Data itself is a powerful weapon in the fight against the national opioid epidemic, but data visualizations expose the trends that trigger response, policy and action. The 1 Life Project is building a National Opioid Data Center, with a dashboard of real-time data visualizations of the opioid epidemic; in order to help our community officials understand and end the national opioid epidemic.
What is data visualization?
While we have many modern tools to diversify the ways we visualize data- the technique itself is no novelty. Data visualizations have helped us solve and gain new perspective on challenges for thousands of years. Early Egyptians used geometric diagrams to survey and plan towns. William Playfair, among his many achievements, invented the line, bar and pie charts.He then used these tools to try to expose overtaxation in Britain. Data visualizations are also commonly used in the modern world in almost every specialization.
But did you know that data visualizations have helped END an epidemic before?
Dr. Robert Baker and Dr. John Snow used data visualizations to track and understand the cholera epidemic in Leeds in the early 1800’s. Using a map to plot out the areas where the cholera disease had persisted–a locational trend between local sewage systems/infrastructure and disease clusters exposed the source of transmission. The local contaminated water source was shut off by government officials and the crisis ended shortly after.
HERE IS WHY DATA VISUALIZATIONS WORK.
Data Visualizations Help Communicate Information Quickly and Efficiently
Our brains can process information very quickly, but as we know processing numerous spreadsheets and graphs is tedious. In order to understand the opioid epidemic, analyzing large current, accurate datasets is necessary. Image based presentation helps communicate critical details for informed and efficient response. Data visualizations help optimize time so that the focus can remain on solution building.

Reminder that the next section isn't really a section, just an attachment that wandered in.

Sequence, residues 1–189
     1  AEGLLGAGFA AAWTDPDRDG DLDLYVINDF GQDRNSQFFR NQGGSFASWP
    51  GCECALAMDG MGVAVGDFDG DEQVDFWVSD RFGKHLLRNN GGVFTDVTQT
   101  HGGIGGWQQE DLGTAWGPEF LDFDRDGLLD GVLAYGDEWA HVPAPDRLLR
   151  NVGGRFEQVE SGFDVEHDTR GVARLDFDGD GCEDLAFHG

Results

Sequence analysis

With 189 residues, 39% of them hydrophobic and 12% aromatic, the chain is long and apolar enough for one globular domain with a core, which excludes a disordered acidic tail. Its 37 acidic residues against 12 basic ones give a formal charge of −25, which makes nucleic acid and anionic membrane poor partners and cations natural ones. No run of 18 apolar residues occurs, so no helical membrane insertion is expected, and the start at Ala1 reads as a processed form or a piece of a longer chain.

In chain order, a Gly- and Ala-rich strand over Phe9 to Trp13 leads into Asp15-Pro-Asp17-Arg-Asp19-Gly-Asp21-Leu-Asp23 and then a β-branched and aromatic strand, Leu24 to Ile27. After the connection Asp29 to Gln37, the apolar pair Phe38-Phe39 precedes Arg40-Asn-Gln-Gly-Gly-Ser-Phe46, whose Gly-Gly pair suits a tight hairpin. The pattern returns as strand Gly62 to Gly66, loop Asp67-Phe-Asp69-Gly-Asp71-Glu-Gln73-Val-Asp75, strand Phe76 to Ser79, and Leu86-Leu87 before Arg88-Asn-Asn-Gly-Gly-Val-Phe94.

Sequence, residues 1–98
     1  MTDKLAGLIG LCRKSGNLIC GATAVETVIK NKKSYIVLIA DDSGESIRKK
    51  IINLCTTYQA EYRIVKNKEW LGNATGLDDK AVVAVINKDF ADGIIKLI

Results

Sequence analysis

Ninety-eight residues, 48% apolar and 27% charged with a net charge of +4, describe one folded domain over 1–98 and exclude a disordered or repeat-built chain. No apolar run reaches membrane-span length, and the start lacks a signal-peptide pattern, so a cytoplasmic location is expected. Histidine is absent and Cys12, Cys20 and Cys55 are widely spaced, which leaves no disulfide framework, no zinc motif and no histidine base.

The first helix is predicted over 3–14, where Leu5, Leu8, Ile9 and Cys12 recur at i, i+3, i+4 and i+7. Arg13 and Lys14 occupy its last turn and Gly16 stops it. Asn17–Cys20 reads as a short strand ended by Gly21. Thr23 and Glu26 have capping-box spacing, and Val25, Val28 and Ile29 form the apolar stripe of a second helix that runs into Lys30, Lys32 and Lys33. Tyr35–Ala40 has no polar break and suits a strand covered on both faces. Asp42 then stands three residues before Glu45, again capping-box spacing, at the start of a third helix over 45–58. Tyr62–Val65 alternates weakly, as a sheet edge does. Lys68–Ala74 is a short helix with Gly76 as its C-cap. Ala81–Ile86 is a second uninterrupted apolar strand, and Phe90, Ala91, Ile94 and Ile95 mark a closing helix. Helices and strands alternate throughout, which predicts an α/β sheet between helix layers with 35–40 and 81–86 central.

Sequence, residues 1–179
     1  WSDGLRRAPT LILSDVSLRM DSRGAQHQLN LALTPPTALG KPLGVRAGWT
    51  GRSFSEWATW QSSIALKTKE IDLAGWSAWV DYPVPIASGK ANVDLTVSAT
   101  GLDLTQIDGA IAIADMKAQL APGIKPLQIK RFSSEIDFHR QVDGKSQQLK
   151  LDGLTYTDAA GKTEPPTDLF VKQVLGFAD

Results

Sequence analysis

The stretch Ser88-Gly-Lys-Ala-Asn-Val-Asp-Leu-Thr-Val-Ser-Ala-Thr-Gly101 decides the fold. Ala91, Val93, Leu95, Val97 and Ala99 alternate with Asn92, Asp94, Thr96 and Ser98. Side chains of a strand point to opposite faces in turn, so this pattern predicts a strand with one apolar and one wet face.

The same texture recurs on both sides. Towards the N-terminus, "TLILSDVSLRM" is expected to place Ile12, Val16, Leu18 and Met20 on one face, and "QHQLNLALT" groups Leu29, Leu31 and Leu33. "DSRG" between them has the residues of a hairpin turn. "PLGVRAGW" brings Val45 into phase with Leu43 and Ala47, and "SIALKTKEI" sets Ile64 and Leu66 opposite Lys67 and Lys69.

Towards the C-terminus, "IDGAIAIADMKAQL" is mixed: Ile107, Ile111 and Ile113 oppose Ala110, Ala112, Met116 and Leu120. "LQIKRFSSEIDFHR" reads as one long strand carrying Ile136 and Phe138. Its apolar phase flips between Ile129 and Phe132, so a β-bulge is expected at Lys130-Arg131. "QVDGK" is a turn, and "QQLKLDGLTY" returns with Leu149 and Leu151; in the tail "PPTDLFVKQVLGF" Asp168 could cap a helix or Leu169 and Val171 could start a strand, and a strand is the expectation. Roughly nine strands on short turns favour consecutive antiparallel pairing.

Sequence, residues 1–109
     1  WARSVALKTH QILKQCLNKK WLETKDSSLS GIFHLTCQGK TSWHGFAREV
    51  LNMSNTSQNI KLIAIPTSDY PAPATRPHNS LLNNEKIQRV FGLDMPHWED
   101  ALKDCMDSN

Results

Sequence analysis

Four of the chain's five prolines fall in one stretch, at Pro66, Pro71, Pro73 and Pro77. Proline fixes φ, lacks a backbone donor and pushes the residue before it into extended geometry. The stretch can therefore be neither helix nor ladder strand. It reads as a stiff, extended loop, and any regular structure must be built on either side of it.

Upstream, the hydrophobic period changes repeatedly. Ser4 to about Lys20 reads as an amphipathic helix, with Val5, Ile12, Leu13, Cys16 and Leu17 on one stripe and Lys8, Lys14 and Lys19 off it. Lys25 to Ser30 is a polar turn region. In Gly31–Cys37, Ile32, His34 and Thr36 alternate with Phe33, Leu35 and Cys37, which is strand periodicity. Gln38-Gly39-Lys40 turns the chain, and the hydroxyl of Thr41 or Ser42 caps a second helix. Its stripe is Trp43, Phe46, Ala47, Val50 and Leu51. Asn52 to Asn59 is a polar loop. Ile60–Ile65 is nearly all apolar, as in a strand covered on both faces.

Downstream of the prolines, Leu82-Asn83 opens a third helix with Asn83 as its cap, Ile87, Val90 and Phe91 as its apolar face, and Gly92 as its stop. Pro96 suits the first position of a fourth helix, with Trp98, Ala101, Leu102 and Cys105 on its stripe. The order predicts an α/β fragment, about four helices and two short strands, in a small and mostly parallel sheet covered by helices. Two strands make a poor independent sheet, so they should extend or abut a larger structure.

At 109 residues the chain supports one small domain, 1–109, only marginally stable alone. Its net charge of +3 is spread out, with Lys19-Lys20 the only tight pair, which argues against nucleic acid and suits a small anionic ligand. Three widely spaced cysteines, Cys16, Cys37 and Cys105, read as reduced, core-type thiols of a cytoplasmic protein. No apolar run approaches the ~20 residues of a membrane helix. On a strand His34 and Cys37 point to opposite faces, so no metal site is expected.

Image Based Data Sets Reveal Trends
While understanding datasets is easier with visuals, it is also important to identify trends. For that reason, we are building our National Opioid Data Center to be interactive. Users can see real time information on the epidemic and track death waves and overdose clusters.
Data visualization has been helping us reach new plateaus for centuries. The National Opioid Data Center will help us track the opioid crisis and save a life. Follow our journey on Twitter, Instagram and Facebook!
The Data Informed Opioid Response Collaborative met recently, and the 1Life Project unveiled the login of our National Opioid Data Center.
We are thrilled to see momentum picking up for this project. This work becomes increasingly important as opioid deaths increase at an alarming rate.
115 Americans are dying each day from the national opioid epidemic.
The opioid epidemic is recognized as a national crisis. The 1Life Project is developing solutions to address it through our opioid data tracking software. As our legislators and community officials come together to address the opioid epidemic, it is important that they understand the full picture. Data visualizations are one of the most efficient ways of displaying overwhelming amounts of information.
Data is showing us correlations that provides insight on the opioid epidemic critical to progress and change.
Communities can organize better prevention efforts, when they understand the entire problem through data.
Healthcare facilities can track death waves and issue citizen warnings when trends appear in the data.
Detecting deadly substances and unsafe “using practices” are apparent in trends in the epidemic.
We can improve outreach and treatment by understanding the rates of hospital readmissions, patient demographics, the.
Here is a shocking opioid statistic just released about the epidemic. Over 2/3 of those recorded opioid-related deaths in 2016 were because of the potent cancer-pain drug, Fentanyl. Fentanyl is up to 100 times more potent than morphine according to the CDC, and deadly drug mixes of fentanyl are accelerating death rates.